In October and November 2013, the Foundation for a Healthy Kentucky surveyed 1,551 adults in a study with a margin of error of plus or minus 2.3 percent. It showed that 65 percent — including 38 percent of smokers — want smoking banned in public places.

The results provide support for House Bill 173, sponsored by Rep. Susan Westrom, a Lexington Democrat, and Rep. Julie Raque Adams, a Louisville Republican.

Recently, the issue was discussed on “Kentucky Tonight” with Bill Goodman. The guests were Dr. Shawn Jones and Ashli Watts (the wife of Nelson County Judge-Executive Dean Watts’ nephew) of the Smoke-Free Kentucky Coalition, Jim Waters of the Bluegrass Institute for Public Policy Solutions and Ken Moellman, spokesman for Northern Kentucky Choice.

Jones emphasized that secondhand smoke is a health hazard that should be regulated like any other occupational safety threat. Watts said a smoking ban is good for business. The Kentucky Chamber of Commerce overwhelmingly supports it. Waters and Moellman made the argument that a public smoking ban suppresses individual liberty.

But does it? Smokers have a right to smoke. They don’t have a right to smoke around people who are where they have a right to be and don’t want to be around it. And smokers don’t have a right to endanger the health of their coworkers.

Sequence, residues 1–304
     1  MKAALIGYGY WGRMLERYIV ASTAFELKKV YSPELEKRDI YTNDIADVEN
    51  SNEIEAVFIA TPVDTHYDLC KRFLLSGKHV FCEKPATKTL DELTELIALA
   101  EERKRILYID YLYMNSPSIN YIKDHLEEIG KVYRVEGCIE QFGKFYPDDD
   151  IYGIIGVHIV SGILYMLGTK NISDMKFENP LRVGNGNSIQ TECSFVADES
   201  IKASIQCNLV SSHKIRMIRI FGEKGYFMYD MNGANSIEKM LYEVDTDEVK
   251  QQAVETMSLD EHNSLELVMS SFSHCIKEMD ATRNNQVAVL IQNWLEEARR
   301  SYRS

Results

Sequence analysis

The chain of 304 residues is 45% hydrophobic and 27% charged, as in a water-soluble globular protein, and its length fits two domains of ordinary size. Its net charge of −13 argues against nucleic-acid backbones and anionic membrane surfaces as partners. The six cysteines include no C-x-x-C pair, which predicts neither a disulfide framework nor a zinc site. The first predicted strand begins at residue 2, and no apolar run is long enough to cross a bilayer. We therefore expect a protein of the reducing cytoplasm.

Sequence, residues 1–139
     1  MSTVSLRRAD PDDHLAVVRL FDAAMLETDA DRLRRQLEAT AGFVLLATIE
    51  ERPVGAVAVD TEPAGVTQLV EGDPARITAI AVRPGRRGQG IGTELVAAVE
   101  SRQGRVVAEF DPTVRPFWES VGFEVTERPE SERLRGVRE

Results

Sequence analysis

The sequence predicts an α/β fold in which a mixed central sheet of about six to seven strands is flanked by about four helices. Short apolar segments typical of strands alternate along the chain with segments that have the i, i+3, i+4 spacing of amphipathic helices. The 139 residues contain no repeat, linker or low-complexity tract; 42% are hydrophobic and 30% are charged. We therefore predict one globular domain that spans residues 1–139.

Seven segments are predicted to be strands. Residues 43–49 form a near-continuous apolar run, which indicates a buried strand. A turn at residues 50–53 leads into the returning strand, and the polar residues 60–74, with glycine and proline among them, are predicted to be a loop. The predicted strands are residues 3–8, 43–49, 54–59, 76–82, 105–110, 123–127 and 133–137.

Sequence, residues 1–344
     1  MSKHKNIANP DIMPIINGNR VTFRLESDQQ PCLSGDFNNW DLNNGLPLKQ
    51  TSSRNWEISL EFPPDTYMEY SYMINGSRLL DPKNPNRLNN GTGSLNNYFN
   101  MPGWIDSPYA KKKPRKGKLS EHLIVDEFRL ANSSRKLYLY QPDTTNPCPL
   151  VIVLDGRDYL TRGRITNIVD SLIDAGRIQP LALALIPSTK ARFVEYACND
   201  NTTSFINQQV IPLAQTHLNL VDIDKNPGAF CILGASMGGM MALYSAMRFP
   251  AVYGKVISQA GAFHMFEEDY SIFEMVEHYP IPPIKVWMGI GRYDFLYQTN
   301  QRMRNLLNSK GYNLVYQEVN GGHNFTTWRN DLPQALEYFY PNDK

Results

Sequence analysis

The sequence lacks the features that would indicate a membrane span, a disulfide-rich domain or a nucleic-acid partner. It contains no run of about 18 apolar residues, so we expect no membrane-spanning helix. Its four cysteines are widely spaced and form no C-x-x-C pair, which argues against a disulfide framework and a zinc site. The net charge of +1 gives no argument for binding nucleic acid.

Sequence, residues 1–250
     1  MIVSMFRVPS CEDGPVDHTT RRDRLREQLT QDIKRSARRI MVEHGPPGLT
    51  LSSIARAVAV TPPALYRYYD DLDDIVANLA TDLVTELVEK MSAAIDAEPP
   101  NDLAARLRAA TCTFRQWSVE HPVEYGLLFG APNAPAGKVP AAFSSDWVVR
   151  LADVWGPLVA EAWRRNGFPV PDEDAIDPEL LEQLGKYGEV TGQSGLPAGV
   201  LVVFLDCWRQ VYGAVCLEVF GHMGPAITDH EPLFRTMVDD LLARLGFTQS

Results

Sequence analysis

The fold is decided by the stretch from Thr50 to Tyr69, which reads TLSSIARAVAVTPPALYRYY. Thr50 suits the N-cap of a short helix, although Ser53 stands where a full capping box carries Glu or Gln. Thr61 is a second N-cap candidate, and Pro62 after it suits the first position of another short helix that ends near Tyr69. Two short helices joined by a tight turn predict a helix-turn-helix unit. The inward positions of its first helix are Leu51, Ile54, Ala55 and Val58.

Moellman said people who don’t want to be exposed to tobacco smoke can choose

businesses that don’t allow it. But in some small towns, people don’t have many options for eating out or for employment.

Whether or not the majority favors it, a public smoking ban is right.

On the other two issues Higdon mentioned, I’m cautious. I don’t have a problem with doctors prescribing marijuana to counter the side effects of chemotherapy or help AIDS patients, but I’m afraid that allowing it for any ailment will lead to abuse, as it has in California and other places. As for expunging felony records, I would want to know if a felon lived across the road from my elderly parents or my young niece. I think a better approach would be to seal, rather than remove, only Class D felony records that don’t involve violence or sex crimes, and only when the felon has served his time and the victim has no objection.